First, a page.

Monomers A used are preferably vinylaromatic monomers, especially styrene, esters of acrylic or methacrylic acid, acrylonitrile, methacrylonitrile, and butadiene, or mixtures thereof. In the case of mixtures it is also possible for esters of vinyl alcohol and a C1 -C12 monocarboxylic acid, especially vinyl acetate, to be present in amounts of <50% by weight, especially <30% by weight (based on the overall amount of monomers A).

The polymer dispersions may also include all customary auxiliaries and additives, such as emulsifiers, protective colloids, water-miscible solvents, etc.

The process of the invention has the advantage that the amounts of initiator and stripping gas required are minimized. Despite this it is possible reliably to prepare polymer dispersions with ≦100 ppm, especially ≦70 ppm and in some cases even ≦50 ppm residual volatiles.

The examples which follow illustrate the invention without restricting it.

EXAMPLE 1

An n-butyl acrylate-acrylonitrile dispersion prepared by emulsion polymerization and having a solids content of 55% by weight was used for interior adhesive applications. Following polymerization this dispersion still contained 9800 ppm of residual volatiles. Of these about 800 ppm are saturated unpolymerizable impurities from the starting materials and about 9000 ppm are residual monomers, principally butyl acrylate.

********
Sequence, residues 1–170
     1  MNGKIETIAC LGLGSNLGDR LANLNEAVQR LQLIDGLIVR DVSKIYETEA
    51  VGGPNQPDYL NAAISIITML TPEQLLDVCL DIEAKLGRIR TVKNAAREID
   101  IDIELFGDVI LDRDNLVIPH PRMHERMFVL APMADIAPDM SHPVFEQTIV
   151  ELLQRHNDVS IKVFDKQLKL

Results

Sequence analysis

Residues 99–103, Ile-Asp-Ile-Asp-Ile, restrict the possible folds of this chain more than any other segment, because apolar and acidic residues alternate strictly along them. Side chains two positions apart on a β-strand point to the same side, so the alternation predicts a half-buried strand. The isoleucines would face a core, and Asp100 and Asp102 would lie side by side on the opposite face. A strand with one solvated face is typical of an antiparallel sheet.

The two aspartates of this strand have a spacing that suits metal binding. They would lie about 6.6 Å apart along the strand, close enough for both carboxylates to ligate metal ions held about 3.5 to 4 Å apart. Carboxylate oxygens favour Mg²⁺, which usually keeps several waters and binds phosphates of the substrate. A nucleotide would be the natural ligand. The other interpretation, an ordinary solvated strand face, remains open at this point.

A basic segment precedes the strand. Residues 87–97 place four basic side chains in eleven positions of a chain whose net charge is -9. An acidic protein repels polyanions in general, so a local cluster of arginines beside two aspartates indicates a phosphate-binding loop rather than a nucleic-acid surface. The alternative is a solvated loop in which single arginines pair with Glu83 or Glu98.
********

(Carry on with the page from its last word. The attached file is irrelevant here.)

A chemical deodorization was performed at 70° C. using the initiator system comprising t-butyl hydroperoxide/acetone bisulfite (0.11% by weight t-butyl hydroperoxide, based on the amount of monomers employed) until the monomers had been depleted by 90%, i.e., to 900 ppm (60 minutes). In the course of this procedure, about 500 ppm of secondary components were introduced by the redox initiator system.

This was followed by a physical deodorization in which the dispersion was treated with 25% by weight of steam, based on the dispersion, in a countercurrent column as described in the figures of DE 197 16 373.4. The column-head pressure was 0.3 bar. The sum of residual volatiles in the dispersion after a single passage through the column was 45 ppm.

EXAMPLE 2

A dispersion of styrene/butadiene/butyl acrylate with a solids content of 50% by weight was used for coating paper. Following polymerization, the dispersion still contained 4000 ppm of residual monomers and 1000 ppm of other residual volatiles from the starting materials and from secondary reactions.

Chemical deodorization was carried out at 70° C. using the redox initiator system (0.18% by weight, based on the amount of monomers employed) comprising t-butyl hydroperoxide/acetone bisulfite until the monomers had been depleted by 90% (60 minutes). At that point the dispersion contained about 400 ppm of monomers and about 1000 ppm of acetone and t-butanol. Subsequently, physical deodorization was effected as described in Example 1. The resulting dispersion contained 55 ppm of volatile constituents.